FWIW, my name is unusual and my siblings all have super common names. There were times when I was younger than I wished my name was more orindary, but it was t ever a huge deal. And I never really considered my name in the context of my siblings names until I was much older. At that pint, it really didn’t matter

  18. Meg

    Would something like Guinevere work? Unusual but known formal name that has a more common nickname of Gwen? There’s also Daphne, a beautiful name that is uncommon but not too unusual! Both are saints as well!

  19. Bff

    Magdalena (Lena) goes so well with Avila that I have a hard time seeing another sibling pair. It’s a saint name, Lena sounds great with Avila, and I think it will bridge Avila to future siblings.

  20. Evie

    My younger daughter has an unusual name which people have much more difficulty learning and pronouncing than w anticipated. She’s 18 months. We have begun introducing her by a nickname (Lia) to those random people at the park, etc. it has really cut down the stress. Maybe you could try it?

    I adore the name Anastasia. It’s on my list. And the nickname Anya is darling

  21. Jean C.

    Another vote for Magdalena. So great by itself, but perfect with Avila. I don’t think anyone would have trouble pronouncing Magdalena, and perhaps Lena by itself will need some pronunciation assistance initially for some people (but I doubt everyone). I’m sorry that family members are refusing to pronounce your daughter’s name correctly. I think it reflects more on them than on the name.
    I do wonder if you have a nickname for Avila? When I saw Lena, I thought Avi would be an adorable nickname for a big sister to a Lena.
    Good luck! Definitely provide us with an update.

  22. Jd

    I have a Rosalie which is pretty straight forward but people call her Rose, Rosa. My dad doesn’t like #2’s name and calls him by his initials. It annoying but I let it go. i think Avilia is lovely and really not that hard. One suggestion is how you describe the pronunciation- it sounds like Avalon but rhymes with tequila :) or another rhyming word of your choice. If you tell people it rhymes with Avalon you will confuse them. Or at least you confused me!- I had to go back and check that I read your name right because it definitely doesn’t rhyme with Avalon.
    I think Anya is beautiful but not a natural nick name for Anastasia (Ana, Stacia,) which might add to confused pronunciation for folks who know her full name is Anastasia. Maybe just Anya? Magdalena, Lena is my favorite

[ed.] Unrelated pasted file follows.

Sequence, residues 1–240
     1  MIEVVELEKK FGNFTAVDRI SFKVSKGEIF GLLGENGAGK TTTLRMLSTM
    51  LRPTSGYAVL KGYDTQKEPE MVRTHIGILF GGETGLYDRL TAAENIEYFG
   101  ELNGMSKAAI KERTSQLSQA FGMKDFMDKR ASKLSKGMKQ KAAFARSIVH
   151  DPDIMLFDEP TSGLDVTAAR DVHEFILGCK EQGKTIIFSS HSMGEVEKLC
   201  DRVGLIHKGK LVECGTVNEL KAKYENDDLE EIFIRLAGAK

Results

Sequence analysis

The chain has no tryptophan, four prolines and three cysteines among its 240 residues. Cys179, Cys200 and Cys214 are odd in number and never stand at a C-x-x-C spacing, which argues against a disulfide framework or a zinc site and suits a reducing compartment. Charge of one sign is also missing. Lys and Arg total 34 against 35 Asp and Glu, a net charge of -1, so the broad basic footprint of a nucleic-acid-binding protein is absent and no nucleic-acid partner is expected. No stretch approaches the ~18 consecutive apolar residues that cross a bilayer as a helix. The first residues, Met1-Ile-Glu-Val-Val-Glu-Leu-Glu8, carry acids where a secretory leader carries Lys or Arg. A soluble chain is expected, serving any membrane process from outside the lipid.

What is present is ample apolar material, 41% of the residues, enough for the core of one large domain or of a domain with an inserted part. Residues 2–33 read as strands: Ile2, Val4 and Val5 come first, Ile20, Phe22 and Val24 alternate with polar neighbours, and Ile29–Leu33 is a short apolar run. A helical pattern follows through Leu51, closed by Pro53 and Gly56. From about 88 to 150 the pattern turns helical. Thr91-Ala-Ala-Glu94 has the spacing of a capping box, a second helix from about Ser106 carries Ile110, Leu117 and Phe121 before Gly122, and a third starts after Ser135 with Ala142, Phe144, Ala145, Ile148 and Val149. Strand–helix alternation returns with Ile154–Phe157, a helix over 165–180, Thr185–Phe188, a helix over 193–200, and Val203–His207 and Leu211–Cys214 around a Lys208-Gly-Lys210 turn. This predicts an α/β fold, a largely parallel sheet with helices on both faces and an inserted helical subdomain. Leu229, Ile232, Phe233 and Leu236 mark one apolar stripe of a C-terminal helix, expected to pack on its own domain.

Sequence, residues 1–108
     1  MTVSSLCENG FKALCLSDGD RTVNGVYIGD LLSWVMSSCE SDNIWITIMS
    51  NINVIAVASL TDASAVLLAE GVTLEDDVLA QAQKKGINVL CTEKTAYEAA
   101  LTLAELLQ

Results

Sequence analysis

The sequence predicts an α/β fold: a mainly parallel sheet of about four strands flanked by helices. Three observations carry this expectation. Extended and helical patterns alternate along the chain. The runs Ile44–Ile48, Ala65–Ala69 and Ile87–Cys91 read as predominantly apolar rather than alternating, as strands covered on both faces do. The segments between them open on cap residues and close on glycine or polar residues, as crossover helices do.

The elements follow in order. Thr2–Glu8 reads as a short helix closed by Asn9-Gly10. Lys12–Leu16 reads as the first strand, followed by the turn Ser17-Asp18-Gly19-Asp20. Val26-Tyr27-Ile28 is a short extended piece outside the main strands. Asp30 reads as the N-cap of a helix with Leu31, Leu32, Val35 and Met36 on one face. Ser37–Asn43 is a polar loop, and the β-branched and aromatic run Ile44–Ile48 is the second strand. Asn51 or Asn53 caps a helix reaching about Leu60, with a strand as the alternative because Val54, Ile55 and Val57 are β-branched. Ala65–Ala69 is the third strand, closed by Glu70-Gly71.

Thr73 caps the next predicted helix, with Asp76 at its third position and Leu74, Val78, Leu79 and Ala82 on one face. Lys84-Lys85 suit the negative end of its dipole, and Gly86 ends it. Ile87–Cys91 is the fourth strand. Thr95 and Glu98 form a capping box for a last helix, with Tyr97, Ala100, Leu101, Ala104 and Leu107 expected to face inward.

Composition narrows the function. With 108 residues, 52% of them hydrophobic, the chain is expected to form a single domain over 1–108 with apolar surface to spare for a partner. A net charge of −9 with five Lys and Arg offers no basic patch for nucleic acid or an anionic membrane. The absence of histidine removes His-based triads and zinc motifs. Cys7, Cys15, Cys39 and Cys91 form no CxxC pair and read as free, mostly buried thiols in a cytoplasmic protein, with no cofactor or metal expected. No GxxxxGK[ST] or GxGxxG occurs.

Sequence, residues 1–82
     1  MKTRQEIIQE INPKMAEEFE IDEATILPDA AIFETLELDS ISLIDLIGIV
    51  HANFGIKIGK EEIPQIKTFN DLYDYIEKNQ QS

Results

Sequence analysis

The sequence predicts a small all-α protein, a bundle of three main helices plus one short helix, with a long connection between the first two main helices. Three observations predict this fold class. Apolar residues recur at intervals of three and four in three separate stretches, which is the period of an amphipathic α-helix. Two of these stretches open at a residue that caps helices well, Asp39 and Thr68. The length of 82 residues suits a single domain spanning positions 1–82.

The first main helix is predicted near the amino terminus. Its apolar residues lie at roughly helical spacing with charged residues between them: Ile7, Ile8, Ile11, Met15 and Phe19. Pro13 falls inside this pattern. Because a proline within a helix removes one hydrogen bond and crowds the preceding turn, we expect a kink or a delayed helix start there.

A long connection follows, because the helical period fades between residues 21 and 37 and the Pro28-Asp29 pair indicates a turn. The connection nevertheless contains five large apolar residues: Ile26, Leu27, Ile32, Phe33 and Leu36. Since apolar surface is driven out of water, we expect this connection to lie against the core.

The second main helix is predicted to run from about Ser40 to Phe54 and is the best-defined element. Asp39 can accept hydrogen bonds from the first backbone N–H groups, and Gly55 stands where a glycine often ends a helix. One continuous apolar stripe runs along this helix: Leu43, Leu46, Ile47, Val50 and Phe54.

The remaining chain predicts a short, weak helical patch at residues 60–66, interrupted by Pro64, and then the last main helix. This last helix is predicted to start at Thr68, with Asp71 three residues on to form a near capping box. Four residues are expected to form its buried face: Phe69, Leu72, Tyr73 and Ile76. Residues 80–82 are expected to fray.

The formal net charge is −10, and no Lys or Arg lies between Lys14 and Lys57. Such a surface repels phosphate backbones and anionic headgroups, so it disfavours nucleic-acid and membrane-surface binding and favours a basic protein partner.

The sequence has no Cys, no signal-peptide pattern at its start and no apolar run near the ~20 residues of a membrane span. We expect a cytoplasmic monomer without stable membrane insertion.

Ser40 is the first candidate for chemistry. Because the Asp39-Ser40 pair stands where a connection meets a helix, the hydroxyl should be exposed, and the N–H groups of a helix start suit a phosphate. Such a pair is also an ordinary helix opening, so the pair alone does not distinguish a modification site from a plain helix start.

23. Taylor

    I think all of the names on your list are lovely and would go well with Avila. To me, as someone else mentioned, all of your names seem romantic sounding, so I think that any of them would match Avila. If you both love Rose, I think Avila and Rose is a sweet sister pair! And I don’t think there’d be a problem with adding names later on that match both. Rose is more common than Avila, but I still don’t think it’s all that common.

    My only concern from your list would be Anya, only because it looks so similar to Avila since they both start and end with A. Not a huge deal though, but I actually think I like Rose, Genevieve, Magdelena, and Josephine better with Avila. But that’s just me!

    For what it’s worth, I have a very common, well known name and my sister has a more unique name that is hardly ever heard (something similar to Avila where it is not unknown, but more rare). We never really questioned it until we realized the difference when we were older because our names go together well anyways. And yes there were times she wished she had a name that was on a keychain, but there were also times I wished I had a more unique name which could be all my own! So I think it all works out and we’re both happy with our names.

  24. Heidi J

    I love Magdalena with Avila. I think they coordinate really well without being too matchy. However, if Rose is y’all’s favorite, it’s a perfectly good option too. I don’t think it clashes with Avila. Be prepared to hear A LOT of “that’s my [whoever]’s middle name!” though.

  25. Carmen

    Anastasia in the 50 Shades of Grey went by Ana most of the time. I have read the books and it didn’t occur to me that was the name in the books until I read it it in Ashley’s comment. I wouldn’t worry about that.

    When I hear Anya, I immediately think of Buffy the Vampire Slayer; one of the characters was Anya. I think for those of us that grew up with or watched Buffy, that might be the connection that is made more frequently than anything else. And because of that, people will know how to pronounce it and won’t require an explanation. :) I like it! Anastasia/Anya is my vote.

  26. Caro

    From your list, I love Genevieve. I also thought of Jacinta or Lucia (two of the children of Fatima). If not Clara, what about Clare? Or Gemma?

  27. Erica

    Like others, I was going to suggest Siena. I also very much like Magdalena. Sticking to a slightly unusual name that would be well known in religious circles seems like the best choice.

  28. Callie

    As a mom of an Xavier, I should mention that we do hear multiple pronunciations (ex-Zay or Zay). Although it’s not easy, I am trying to be chill with the pronunciation like it was mentioned by someone else above. Through the course of his life, he’ll meet people from all different places and backgrounds. I’d like him to be flexible in those situations.

    If you want a boy’s name that is consistently pronounced and spelled the same, I’d recommend my other son’s name, Vincent.

    I love all of your choices and don’t think you can go wrong. I’d lean a little more to Rosa or Rosalia rather than Rose but it’s not a strong preference. Magdalena is simply gorgeous and I don’t think that any challenges you might run into with Anastasia outweigh the elegance of it. Siena and Zelie were also great suggestions.